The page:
What Does Entropy Have to Do With Psychology?


Pioneers of evolutionary psychology John Tooby, Leda Cosmides, and H. Clark Barrett argue in a 2003 article of the same name that “the second law of thermodynamics is the first law of psychology.”

The Law of Entropy

The second law of thermodynamics, also known as the entropy law, states that in a closed system energy must always be dissipated from high-energy to low-energy concentrations. Your cup of coffee always gives off its heat to the surrounding air and cools down over time; it will never heat up spontaneously without external energy input. By opening the system to external energy input, the coffee cup itself can gain energy when placed in the microwave, but the energy doesn’t come out of nowhere. Most of our energy comes from the sun, and the amount used to create habitable order pales in comparison to the amount constantly dumped into the empty void of space.

A related form of the entropy law relates to the statistical necessity of disorder: there are finite ways to build a sandcastle, but there are infinite ways to disperse that sand. Of all the possible interactions or possible states of matter given, most are disordered chaos. Improbable nests of order can exist that incur high energy costs to maintain, but if you zoom out far enough the entropy will always increase.

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What does all this have to do with psychology?

The first law of psychology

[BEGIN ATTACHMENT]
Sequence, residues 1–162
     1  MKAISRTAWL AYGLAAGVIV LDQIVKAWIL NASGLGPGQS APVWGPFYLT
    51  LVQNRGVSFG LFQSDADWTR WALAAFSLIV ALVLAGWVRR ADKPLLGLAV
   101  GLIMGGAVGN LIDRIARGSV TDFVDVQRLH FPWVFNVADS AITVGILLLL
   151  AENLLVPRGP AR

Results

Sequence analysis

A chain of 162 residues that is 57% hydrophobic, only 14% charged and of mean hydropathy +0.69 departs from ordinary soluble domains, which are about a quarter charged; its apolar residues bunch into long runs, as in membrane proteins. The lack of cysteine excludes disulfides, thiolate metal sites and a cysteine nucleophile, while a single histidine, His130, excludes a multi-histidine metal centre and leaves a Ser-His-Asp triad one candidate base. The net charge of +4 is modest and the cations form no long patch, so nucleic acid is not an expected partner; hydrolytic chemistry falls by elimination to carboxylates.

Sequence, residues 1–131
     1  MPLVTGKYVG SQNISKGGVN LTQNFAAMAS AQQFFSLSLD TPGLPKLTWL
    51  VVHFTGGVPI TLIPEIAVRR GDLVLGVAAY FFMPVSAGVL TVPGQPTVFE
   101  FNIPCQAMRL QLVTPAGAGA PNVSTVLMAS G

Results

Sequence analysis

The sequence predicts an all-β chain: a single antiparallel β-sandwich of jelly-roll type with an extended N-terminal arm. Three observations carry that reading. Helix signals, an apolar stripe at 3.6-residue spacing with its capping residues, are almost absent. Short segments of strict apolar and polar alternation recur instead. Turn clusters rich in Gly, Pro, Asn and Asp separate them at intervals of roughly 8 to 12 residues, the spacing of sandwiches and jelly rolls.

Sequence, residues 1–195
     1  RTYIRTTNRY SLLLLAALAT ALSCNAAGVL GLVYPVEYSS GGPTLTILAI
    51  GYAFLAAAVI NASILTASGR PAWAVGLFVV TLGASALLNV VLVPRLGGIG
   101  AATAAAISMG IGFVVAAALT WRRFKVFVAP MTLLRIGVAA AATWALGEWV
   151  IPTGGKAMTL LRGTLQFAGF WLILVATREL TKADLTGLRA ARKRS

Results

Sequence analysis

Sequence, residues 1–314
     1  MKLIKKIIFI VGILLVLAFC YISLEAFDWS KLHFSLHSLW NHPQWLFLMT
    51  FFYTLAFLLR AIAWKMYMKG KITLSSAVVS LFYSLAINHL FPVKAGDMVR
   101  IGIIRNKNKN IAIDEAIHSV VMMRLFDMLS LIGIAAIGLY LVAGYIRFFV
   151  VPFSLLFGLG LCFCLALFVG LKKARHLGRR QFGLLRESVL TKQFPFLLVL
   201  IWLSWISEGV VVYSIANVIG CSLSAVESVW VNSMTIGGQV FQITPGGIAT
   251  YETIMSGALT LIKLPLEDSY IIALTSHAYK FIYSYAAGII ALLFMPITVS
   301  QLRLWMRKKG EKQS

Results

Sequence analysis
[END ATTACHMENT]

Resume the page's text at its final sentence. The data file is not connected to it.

Outlining the “First Law of Psychology,” the paper constructively criticizes psychology as a field whose prejudices about physics and biology are often misinformed — and frankly, it reads more like a biology paper. I recognize the irony that this is probably the case because the paper’s target audience is me: a psychologist who hasn’t taken a physics or biology course in years.

That makes me either the best or the worst person, depending on your attitude, to tell you why if you care about psychology you should care about entropy.

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Most of us take for granted the fact that our world is in order. Beyond the universal laws of mathematics and science, order in the universe is rare. For every ordered star or galaxy formation, there are billions more light-years of disordered, mostly empty space. Rarer still is a self-sustaining, ordered system that expends energy to maintain its form (i.e., life).

Entro, Evo, Info

Most of us understand the principles of natural selection: the fittest survive, the genes of those that breed are passed on, and over time successful traits are selected. Even this explanation assumes the resulting improbable order. Most variations within and between species will be disordered errors, in accordance with the law of entropy. Only a select few traits and behavioral adaptations will stand the test of time.

This means that entropy directly evokes the process of evolution, and that evolution outputs something akin to information: the set of traits that are capable of surviving and propagating themselves. This is exactly what psychologist Steven Pinker argues in his book enlightenment now, in a chapter entitled “Entro, Evo, Info” (entropy, evolution and information). These three processes are inextricably linked and central to understanding human behavior.

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Any stable psychological phenomenon, even those that appear to be entirely socially constructed, owes its existence to a precise configuration that repels entropy and expends energy to maintain its form in an open system relationship with the outside world. All of the laws we observe in psychology are stable nests of order, chosen precisely because they are anti-entropic (not in the final analysis, but in the sense that we can expend external energy to maintain biopsychosocial stability). Therefore, the second law of thermodynamics is the first law of psychology.



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